Jim Mullowney, a chemist in the hazardous-waste business, noted that MedRecycler-RI can’t safely treat chemotherapy drugs found in the waste. “It comes right out of the stack of this facility,” he said.

These chemicals, the Newport resident said, can cause birth defects and miscarriages and can skip a generation before causing birth defects.

“What the [MedRecycler-RI] system does not do is eliminate any of those hazards,” he said. “These chemicals will end up in our air, in our bay, in our soil, in our drinking water.”

Campanella, who also runs Sun Pacific Holding, was only one of three proponents of the project to speak during the recent online hearing. The others were a business partner and union representative.

He focused on jobs, tax revenue, and the space his facility will save in the state’s Central Landfill. But the Johnston landfill doesn’t currently accept medical waste even after it’s been treated in one of Rhode Island’s two autoclaves. He also described the burning of the syngas to run generators as renewable energy, a claim that hasn’t been confirmed by any state entity and doesn’t jibe with what state law considers renewable energy.

Campanella described the opposition as a political controversy.

“Just to get to the bottom line,” he said. “I guarantee the project is going to be safe and going to be a good neighbor and do whatever is required by officials that are reviewing our process.”

Sun Pacific Holding has three operations: MedRecycler-RI; a solar assembly business; and a bus stop advertising service called Street Smart Outdoors that manages bus shelter advertising for the Rhode Island Public Transit Authority.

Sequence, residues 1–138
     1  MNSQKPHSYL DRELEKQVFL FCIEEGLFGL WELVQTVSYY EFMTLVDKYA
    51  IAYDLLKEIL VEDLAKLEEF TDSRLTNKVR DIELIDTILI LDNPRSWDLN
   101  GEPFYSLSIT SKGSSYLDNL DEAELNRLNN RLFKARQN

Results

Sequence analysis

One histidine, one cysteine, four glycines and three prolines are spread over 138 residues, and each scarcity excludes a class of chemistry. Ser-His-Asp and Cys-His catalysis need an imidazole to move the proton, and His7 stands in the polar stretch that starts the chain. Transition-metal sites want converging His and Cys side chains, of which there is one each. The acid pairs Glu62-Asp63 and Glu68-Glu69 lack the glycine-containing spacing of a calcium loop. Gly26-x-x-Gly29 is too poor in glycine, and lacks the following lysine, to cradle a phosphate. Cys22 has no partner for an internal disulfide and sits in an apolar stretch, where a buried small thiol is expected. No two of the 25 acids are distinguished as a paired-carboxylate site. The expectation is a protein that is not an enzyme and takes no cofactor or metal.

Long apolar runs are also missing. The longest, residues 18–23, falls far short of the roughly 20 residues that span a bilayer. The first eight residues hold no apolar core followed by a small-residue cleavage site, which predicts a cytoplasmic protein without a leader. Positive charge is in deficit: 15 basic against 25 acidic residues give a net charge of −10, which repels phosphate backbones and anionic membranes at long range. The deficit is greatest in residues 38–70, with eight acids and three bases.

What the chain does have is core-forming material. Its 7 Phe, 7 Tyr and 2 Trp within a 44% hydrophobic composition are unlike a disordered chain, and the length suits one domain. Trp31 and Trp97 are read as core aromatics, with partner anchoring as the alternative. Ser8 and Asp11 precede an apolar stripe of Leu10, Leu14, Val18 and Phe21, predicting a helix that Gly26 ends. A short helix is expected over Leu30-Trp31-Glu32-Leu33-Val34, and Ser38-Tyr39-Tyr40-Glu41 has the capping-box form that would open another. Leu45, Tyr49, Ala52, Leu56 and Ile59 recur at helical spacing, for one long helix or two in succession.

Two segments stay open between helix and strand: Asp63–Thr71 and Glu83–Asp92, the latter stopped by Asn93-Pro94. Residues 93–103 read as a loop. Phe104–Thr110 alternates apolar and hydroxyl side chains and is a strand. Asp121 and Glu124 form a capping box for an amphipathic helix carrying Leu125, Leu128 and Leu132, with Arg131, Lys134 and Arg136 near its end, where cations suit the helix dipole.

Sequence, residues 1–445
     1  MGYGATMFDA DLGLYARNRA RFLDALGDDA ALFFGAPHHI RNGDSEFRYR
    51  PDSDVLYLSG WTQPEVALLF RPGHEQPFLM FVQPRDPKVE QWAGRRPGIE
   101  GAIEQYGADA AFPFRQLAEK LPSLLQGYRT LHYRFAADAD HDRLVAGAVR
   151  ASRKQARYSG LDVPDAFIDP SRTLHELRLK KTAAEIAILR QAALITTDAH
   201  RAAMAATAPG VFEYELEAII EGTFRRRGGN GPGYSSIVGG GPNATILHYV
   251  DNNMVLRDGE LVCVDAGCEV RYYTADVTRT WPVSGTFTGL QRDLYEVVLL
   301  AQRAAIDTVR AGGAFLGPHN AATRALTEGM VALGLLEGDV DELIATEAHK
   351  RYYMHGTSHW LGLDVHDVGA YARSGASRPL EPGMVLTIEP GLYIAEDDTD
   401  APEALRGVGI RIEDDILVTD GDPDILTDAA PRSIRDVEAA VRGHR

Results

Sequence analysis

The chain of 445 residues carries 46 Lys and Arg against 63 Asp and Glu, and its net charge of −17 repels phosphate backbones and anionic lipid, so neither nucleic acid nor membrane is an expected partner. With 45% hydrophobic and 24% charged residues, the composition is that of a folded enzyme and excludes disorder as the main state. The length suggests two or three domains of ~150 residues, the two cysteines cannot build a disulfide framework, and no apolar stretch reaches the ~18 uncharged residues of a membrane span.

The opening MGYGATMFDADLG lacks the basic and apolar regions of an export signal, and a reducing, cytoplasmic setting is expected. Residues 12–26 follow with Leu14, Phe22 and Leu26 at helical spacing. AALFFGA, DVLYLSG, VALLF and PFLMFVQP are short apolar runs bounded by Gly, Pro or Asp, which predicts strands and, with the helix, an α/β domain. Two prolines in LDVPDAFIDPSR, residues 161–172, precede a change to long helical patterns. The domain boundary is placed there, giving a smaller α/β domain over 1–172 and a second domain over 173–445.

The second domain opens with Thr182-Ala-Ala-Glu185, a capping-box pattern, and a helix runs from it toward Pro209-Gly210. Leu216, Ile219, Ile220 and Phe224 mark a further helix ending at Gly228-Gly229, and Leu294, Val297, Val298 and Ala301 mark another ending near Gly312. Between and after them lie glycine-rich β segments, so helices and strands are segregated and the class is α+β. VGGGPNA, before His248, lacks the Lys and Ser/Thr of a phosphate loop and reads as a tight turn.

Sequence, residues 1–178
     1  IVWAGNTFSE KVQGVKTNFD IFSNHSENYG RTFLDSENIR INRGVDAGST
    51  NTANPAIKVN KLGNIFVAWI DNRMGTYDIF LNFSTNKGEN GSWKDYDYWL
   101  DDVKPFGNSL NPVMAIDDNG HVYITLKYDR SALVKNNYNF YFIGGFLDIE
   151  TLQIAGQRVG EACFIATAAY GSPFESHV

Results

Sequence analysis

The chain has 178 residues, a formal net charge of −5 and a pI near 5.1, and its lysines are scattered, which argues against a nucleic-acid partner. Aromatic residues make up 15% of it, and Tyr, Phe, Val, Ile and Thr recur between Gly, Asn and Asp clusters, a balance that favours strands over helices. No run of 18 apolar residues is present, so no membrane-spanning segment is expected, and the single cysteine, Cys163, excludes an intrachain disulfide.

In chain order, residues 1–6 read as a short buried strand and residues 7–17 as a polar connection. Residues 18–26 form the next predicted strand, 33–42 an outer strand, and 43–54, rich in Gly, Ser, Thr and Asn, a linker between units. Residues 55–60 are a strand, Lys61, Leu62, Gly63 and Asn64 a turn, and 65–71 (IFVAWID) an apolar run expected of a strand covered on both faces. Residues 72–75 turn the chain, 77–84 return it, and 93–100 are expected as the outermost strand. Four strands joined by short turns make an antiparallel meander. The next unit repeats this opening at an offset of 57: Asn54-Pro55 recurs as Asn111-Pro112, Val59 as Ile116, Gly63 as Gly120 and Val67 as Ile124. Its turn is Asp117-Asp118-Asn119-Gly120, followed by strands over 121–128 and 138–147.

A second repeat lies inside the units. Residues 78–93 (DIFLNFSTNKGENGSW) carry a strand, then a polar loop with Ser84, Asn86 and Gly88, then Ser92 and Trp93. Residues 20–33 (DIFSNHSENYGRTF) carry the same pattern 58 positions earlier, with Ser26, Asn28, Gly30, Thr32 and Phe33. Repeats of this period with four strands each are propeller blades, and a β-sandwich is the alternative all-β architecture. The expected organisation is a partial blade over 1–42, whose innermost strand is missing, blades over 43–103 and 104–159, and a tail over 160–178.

An online petition against the project has received nearly 3,000 signatures.

The operation has already received an air pollution permit from DEM.

West Warwick still has a number of approvals and reviews before the project is authorized. All state, federal, and regulatory permits are needed before the preliminary plan review can be conducted by the West Warwick Planning Board. Any restrictions, stipulations, and conditions that may be placed on the project by the Planning Board must be satisfied before a final town review begins.

DEM’s final decision on the permit will be made by director Janet Coit within 90 days of the close of the public comment period.

Written comments can be submitted until April 14 to Yan Li at yan.Li@dem.ri.gov.

A bill (H5923) sponsored by Rep. Justine Caldwell, D-East Greenwich, would restrict a facility like this from being built. No hearing has been set for the bill.

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  1. Why would RI want to import medical waste from nearby states? Imagine the transport of this waste and the impact on traffic, roads, quality of life. Even if it is legal to set up such a regional dump in RI, is it wise?